Real rates have a ways higher to go to reach “normal” levels – let alone levels reflective of a very strong, fiscal-fueled economy.


Source: Jefferies Trading Desk

Percy Allison

Jefferies LLC

6. Lumber Hasn’t Had A Down Day Since March 26

BY TYLER DURDEN-ZERO HEDGE Less than a week ago, we published an article explaining that the ongoing “Supply Chain Collapse Leads To Lumber Frenzy, Soaring Home Prices.” Since then the lumber buying frenzy has gotten even more out of control, with prices surging another 12%, and as Bloomberg’s Aoyon Ashraf points out, “lumber hasn’t had a down day since March 26 and keeps hitting all-time highs with few signs of stopping.” In an amusing comparison, Ashraf also notes that while Lumber futures have climber a staggering 58% in just the past month since bottoming on March 16, “Bitcoin has fallen 3% and S&P 500 returned only 5% over this period” (of course, any comparison that is not goalseeked and stretches further beyond just a few weeks will show bitcoin trouncing lumber, but we get the idea).


Ashraf then echoes what we said last week, namely that “the reason for lumber’s meteoric rise is simple: low supply and surging demand. Slow ramp-ups at sawmills, trucking delays and worker shortages all are feeding into it.” The Bloomberg reporter than boldly suggests that going long lumber is a safer choice than bitcoin:

7. The state of the plant-based food industry

We’re eating more meatless meat than ever, but it’s still not much.

By Kenny Torrella  Apr 16, 2021, 8:30am EDT

Their latest report looked at 2020 sales figures and found that — as with the previous year — plant-based food retail sales grew much faster (27 percent) than the total US retail food market (15 percent). And this wasn’t just on the coasts; there was more than 25 percent growth in all US census regions.

Plant-based meat sales grew by 45 percent and plant-based milk sales were up 20 percent from 2019.

The retail market for plant-based food grew significantly from 2019 to 2020. SPINS, The Plant Based Foods Association, The Good Food Institute

The growth may be eye-popping, but there’s a big caveat here: Supermarkets had an unusually good year. Early in the pandemic, panic-buying sent grocery sales surging, and earnings remained high throughout 2020 as people cooked at home more to avoid crowds and save money, giving the sales of both plant-based and animal-based foods a big bump.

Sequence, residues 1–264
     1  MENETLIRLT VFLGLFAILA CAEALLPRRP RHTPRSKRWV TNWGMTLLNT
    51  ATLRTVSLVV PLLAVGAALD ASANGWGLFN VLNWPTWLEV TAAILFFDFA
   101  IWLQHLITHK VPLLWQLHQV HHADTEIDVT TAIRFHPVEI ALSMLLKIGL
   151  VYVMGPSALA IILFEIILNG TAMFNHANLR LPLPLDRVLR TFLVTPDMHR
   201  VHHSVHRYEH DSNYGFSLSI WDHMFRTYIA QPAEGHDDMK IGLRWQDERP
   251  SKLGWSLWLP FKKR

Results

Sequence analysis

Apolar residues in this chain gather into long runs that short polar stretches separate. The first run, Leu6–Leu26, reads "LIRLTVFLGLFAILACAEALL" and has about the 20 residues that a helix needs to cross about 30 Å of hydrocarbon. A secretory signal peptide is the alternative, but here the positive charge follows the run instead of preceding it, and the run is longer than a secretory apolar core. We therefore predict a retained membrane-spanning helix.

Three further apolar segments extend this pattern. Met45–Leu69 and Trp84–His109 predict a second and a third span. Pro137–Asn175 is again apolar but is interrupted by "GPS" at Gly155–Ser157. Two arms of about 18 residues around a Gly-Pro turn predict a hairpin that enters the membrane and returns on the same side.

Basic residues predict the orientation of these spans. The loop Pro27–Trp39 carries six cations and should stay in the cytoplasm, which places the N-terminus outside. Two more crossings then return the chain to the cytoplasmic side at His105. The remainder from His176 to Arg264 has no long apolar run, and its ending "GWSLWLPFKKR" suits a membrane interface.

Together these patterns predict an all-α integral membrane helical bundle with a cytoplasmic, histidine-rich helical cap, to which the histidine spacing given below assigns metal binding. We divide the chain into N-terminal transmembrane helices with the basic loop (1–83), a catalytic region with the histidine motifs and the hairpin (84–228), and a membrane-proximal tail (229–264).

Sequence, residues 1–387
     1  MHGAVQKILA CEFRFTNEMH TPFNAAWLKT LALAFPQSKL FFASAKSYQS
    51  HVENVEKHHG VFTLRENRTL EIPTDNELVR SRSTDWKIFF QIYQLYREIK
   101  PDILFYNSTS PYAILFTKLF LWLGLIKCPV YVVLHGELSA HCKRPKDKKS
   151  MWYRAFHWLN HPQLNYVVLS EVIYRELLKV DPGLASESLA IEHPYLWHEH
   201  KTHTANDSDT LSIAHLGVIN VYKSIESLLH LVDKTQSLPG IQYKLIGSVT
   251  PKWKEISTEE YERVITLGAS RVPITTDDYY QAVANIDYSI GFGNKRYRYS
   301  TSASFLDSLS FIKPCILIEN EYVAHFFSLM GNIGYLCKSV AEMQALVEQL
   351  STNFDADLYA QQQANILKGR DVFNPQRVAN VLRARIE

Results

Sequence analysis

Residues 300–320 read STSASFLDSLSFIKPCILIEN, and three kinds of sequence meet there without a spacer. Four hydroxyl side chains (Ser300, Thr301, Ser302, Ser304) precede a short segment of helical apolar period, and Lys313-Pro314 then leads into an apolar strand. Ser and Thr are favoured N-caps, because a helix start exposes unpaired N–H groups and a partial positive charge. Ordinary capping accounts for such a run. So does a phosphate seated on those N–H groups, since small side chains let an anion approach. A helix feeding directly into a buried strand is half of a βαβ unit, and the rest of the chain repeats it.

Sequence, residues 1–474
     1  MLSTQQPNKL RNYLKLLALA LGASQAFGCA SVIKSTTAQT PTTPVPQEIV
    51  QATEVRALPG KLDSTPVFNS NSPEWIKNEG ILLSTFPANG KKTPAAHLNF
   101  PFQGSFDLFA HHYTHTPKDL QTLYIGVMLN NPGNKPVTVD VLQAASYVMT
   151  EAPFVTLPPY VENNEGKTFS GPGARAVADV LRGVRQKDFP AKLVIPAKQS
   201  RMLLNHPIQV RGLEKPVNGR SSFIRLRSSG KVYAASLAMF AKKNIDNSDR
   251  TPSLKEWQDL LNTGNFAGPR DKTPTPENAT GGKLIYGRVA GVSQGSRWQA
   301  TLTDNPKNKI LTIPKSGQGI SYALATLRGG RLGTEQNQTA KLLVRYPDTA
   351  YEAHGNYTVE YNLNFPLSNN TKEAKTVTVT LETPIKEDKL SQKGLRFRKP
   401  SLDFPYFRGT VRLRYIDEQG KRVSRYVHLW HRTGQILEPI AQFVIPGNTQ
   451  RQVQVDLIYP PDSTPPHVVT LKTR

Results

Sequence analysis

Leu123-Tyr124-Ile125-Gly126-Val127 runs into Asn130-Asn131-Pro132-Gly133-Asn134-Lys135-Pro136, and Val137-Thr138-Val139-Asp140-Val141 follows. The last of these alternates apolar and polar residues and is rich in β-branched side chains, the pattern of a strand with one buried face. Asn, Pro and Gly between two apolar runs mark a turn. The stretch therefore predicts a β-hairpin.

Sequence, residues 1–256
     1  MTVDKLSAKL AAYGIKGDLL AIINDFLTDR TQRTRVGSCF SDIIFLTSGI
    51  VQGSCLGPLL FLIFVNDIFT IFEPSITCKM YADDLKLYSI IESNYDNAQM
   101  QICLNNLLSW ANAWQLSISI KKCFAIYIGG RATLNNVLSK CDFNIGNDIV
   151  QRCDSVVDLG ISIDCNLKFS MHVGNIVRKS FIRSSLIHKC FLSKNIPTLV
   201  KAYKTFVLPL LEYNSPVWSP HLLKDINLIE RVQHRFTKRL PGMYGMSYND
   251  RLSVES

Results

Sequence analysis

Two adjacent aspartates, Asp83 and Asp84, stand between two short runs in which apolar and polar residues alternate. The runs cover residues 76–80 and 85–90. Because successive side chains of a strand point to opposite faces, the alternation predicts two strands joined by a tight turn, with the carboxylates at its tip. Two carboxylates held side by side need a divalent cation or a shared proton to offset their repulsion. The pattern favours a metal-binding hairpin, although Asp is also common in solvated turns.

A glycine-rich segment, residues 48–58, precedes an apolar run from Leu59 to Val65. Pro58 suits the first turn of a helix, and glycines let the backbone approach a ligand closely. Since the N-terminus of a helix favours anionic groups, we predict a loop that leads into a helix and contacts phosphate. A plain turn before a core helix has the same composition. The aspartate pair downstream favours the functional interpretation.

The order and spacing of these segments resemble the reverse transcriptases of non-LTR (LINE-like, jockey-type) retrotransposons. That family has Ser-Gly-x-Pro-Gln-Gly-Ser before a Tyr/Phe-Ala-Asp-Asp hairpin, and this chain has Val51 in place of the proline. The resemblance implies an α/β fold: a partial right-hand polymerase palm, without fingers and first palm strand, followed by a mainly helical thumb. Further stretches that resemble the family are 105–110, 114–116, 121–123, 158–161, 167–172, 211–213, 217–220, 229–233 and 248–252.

8. Single Family Houses Sold Chart Rolls Over Due to No Inventory.

Single Family Houses Sold


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 9. What national marijuana legalization would mean for Colorado

John Frank, author of Denver

Illustration: Sarah Grillo/Axios

Colorado’s cannabis industryis enjoying an era of prosperity as national attitudes toward marijuana become more relaxed.

Driving the news: 17 states have legalized recreational marijuana sales and pot enjoys its highest popularity ever with 68% of adults backing legalization, according to a recent Gallup poll.

What’s next: Congress is discussing legislation to legalize marijuana.

What they’re saying: “It’s not a done deal, by any means, but it’s the closest we’ve gotten in the last couple years so we are obviously excited about it,” said Nancy Whiteman, CEO of Wana Brands, a Colorado-based marijuana edibles company now in 12 states and expanding to Massachusetts soon.

Why it matters: Federal legalization is the final step in the effort to legitimize Colorado’s marijuana industry.

  • It would allow the industry access to the financial sector (such as loans for small businesses) and remove any doubt about potential enforcement actions to crack down on sales.

Zoom out: The broader acceptance comes at a time in which the industry is grappling with serious challenges, from how to build equity into the business and address the legacy of the war on drugs to questions about health effects and potency.

State of play: The challenges don’t seem to be slowing the cannabis industry in Colorado, where marijuana is part of the state’s fabric.

  • The state boast’s America’s first pot governor who declared dispensaries re an essential business during the pandemic lockdown.
  • Total marijuana sales topped $10 billion in January with annual numbers posting growth each year since their start in 2014.